The U.S. government could exhaust its ability to meet all its financial obligations as early as Feb. 15, according to a new analysis by the Bipartisan Policy Center.
The Center estimates a window from Feb. 15 to March 1 as the time that the "extraordinary measures" the Treasury Department is taking to stave off the debt limit may run out. Those measures, which involve a delay in the reinvestment of certain government funds, provide roughly $200 billion of maneuvering room.
The Center's analysis points toward the latter part of that two-week period as when such measures would be exhausted and the government would be forced to choose among which of its bills to pay. Because of the volume of bills scheduled to become due during that period, the window is unlikely to extend beyond March 1.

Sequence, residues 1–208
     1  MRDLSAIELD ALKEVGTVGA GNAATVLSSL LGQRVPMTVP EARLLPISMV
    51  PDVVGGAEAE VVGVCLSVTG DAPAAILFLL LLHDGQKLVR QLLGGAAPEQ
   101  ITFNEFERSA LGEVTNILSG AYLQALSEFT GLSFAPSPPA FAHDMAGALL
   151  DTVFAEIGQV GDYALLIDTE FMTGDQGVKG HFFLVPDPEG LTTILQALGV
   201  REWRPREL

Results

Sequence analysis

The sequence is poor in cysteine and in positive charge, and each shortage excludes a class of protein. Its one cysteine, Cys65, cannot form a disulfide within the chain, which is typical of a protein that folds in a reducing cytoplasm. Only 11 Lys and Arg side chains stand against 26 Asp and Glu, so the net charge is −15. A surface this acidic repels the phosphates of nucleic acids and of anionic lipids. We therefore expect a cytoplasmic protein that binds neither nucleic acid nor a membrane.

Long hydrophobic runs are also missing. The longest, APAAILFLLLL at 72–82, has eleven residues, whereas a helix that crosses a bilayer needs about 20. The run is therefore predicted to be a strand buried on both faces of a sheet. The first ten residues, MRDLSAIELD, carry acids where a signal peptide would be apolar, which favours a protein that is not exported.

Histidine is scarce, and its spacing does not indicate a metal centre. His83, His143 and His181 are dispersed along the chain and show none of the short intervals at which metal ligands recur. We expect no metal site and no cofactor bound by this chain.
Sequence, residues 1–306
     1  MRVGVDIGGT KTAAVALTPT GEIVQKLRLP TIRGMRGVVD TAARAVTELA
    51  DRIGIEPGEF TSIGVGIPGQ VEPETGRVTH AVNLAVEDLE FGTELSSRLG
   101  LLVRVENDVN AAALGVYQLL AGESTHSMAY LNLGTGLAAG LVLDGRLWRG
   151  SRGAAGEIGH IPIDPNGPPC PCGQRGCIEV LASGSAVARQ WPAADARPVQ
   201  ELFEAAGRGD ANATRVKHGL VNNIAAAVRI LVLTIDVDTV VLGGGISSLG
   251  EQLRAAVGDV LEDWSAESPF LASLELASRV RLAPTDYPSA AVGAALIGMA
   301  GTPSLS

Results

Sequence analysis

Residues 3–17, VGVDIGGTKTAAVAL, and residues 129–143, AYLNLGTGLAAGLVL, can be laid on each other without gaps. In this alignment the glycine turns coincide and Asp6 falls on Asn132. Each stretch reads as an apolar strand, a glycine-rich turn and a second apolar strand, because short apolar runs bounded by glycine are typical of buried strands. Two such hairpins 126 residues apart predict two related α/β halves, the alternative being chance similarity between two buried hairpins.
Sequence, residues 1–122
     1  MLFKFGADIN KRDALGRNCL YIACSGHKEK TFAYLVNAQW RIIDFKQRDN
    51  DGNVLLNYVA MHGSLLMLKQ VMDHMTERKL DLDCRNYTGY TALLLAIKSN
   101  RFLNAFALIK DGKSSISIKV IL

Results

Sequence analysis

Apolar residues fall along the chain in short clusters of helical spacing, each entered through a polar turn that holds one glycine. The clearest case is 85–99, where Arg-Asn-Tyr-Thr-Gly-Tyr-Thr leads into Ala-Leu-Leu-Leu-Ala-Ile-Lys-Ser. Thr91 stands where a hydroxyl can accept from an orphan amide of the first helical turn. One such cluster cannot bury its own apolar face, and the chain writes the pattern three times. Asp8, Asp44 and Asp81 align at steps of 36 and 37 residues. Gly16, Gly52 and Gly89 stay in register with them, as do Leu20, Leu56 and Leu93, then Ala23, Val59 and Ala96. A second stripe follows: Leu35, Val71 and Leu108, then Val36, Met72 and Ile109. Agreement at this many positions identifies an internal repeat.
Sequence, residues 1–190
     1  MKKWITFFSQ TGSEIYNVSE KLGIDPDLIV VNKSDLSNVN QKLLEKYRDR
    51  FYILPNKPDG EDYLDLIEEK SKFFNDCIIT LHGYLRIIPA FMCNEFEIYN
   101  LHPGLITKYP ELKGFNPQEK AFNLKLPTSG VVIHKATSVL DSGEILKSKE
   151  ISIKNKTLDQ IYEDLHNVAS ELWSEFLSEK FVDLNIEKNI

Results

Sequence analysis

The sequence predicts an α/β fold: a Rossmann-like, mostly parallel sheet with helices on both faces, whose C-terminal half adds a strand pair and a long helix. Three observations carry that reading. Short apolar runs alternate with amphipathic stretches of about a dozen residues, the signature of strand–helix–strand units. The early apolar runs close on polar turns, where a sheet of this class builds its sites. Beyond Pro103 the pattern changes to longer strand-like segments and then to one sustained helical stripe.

One potential source of additional maneuvering room, according to fiscal policy experts at the center, would be for the government to take the unpopular step of delaying tax refunds. The Internal Revenue Service is currently projected to send out some $86 billion in refunds between Feb. 15 and March 15.
A U.S. government default on its obligations would be unprecedented, triggering unpredictable consequences in financial markets and the global economy. For that reason, said Steve Bell, a former Senate Republican budget aide now at the Center, President Obama might consider a way to use his executive powers to avoid that even though administration officials have said they believe they lack Constitutional authority to do so.
—By CNBC's John Harwood; Follow him on Twitter: